|The Hibbert Assembly
|About Charles Dickens|
|Charles Dickens was born on 7 February 1812, the second of eight children of a clerk in the navy pay office. His education, until he was twelve, was scant: he read his father's modest collection of novels, was taken to the theatre by his aunt's stepson, was taught for a time by a Baptist minister, and helped in the family home. When his improvident father was imprisoned in the Marshalsea for debt, where his wife and younger children followed him, Dickens obtained a job in the office of a blacking warehouse at 6s a week|
|Somewhat better times came in 1824 when Dickens's father inherited a small legacy and Dickens was sent to private schools, first to Wellington House Academy and then to a school run by a Mr.Dawson.|
|From 1827 Dickens worked as a clerk in lawyers' offices. He continued his education by reading at the British Museum and he also taught himself a form of shorthand. He then worked as a court reporter and subsequently as a parliamentary reporter and in 1835 obtained a position as a reporter with the Morning Chronicle.|
|Meanwhile Dickens had begun writing for monthly magazines and a collection of his work, Sketches by Boz, was published in book form in 1836. At much the same time he married Catherine Hogarth, daughter of a fellow journalist on the Morning Chronicle.|
|Dickens's work was increasingly in demand and the publishers, Chapman and Hall, approached him with a view to bringing out a fictional work in monthly parts. Thus the Pickwick Papers came into being. The first issue, in April 1836, was an edition of 400 copies. By the fifteenth issue 40,000 copies were needed. Oliver Twist and Nicholas Nickleby followed swiftly. By 1839 Dickens was able to afford a handsome house near Regent's Park, London.|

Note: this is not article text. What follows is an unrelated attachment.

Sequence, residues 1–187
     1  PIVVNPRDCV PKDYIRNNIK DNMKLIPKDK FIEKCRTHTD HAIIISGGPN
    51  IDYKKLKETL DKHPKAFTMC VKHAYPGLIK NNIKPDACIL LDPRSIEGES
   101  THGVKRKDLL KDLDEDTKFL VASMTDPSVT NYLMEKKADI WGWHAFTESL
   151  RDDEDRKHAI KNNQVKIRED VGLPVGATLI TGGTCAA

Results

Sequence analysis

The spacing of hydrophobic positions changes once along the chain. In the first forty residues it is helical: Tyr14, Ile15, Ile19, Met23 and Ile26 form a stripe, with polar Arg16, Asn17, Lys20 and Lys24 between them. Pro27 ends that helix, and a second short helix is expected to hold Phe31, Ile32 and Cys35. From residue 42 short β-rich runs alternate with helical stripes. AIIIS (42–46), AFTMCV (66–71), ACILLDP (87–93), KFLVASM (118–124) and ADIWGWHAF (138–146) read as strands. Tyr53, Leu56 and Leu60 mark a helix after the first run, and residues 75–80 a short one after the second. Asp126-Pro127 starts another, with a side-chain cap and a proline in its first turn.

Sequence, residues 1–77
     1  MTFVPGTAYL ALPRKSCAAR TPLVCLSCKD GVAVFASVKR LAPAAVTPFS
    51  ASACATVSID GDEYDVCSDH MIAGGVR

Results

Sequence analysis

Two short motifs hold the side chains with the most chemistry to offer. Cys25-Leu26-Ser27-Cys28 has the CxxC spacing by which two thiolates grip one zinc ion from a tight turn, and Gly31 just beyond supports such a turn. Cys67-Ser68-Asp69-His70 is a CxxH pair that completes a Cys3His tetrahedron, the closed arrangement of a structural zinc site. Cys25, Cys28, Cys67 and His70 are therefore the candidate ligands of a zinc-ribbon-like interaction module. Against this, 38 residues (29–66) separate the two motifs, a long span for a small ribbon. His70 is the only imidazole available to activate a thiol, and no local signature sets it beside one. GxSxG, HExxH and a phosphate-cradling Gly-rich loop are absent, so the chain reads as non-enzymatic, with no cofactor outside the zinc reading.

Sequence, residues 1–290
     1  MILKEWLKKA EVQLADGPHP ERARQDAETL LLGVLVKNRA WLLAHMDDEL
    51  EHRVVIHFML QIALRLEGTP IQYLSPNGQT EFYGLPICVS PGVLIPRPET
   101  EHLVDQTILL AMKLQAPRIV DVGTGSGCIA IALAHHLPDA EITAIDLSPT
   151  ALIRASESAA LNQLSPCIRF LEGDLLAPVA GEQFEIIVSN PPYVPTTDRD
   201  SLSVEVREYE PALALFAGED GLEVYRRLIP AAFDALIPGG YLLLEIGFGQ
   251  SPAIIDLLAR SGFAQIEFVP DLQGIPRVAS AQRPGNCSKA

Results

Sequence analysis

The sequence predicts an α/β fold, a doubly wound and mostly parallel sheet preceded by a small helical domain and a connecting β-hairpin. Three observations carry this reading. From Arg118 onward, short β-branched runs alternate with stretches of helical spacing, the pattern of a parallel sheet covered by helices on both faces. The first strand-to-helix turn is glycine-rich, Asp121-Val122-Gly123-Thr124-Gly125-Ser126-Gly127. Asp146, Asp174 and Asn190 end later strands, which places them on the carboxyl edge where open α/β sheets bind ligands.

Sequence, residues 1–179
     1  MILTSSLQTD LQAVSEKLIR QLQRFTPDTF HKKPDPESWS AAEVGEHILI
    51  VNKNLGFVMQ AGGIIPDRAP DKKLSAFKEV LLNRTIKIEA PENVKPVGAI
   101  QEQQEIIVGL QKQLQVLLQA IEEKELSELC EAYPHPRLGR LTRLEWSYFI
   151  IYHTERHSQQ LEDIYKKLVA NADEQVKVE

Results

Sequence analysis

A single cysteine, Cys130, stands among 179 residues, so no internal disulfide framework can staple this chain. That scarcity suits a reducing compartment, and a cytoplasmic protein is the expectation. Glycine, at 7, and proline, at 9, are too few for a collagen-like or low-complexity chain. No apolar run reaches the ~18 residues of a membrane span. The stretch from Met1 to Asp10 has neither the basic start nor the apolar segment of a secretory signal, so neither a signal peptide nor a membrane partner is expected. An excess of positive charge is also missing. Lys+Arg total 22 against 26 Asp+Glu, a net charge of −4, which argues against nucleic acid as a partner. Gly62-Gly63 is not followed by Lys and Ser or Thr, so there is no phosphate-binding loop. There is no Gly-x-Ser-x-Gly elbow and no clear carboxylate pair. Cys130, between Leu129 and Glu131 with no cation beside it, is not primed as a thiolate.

|Dickens' s life now extended beyond writing to travel, the exercise of philanthropy, and taking part in dramatic productions. He went to America in 1842, Italy in 1844 and Switzerland in 1845. Always keen to portray the kind-hearted in his books, Dickens was interested personally in ragged schools, the care of disadvantaged women, and the General Theatrical Fund, which assisted actors who had fallen on hard times.|
|In 1849 Dickens started his own journal, Household Words, much of which he wrote himself. Some of his novels first appeared in episodic forn in this.|
|In 1856 Dickens fulfilled a childhood dream by buying Gadshill Place. He and his wife (who had borne him ten children) separated, however, two years later.|
|Dickens developed a new and very lucrative source of income in 1858
when he began to give public readings of his work. So popular were these
that in his American tour of 1867-8 he was able to earn £20,000.
The massive demands on his time and energies were, finally, to exhaust
him and he died on 9 June 1870 at Gadshill Place.
Dickens is among the most popular of all English novelists. He wrote thirteen major novels, a number of which have been made into films or television productions. Many people who have never read a single one of his works still know the names of such characters as Oliver Twist or Ebenezer Scrooge (the latter from A Christmas Carol).
|His books are packed with larger-than-life figures, often treated with satire or comic exaggeration. He was a master of plot and of rich and highly imagistic description. But he could evoke pathos, he could also be excessively sentimental. He used his work to campaign against many of the ills that he perceived in Victorian England - the harshness of the poor law, the cumbersome nature of legal processes, industrial pollution, slum dwellings, bad private schools and the narrow curriculum and unimaginative teaching methods of others, the vast gap between the privileged and the poor, and much more. Although Dickens was capable of making evil seem fascinating, the virtues of honesty, kindness and simple human decency shine in all his work.|
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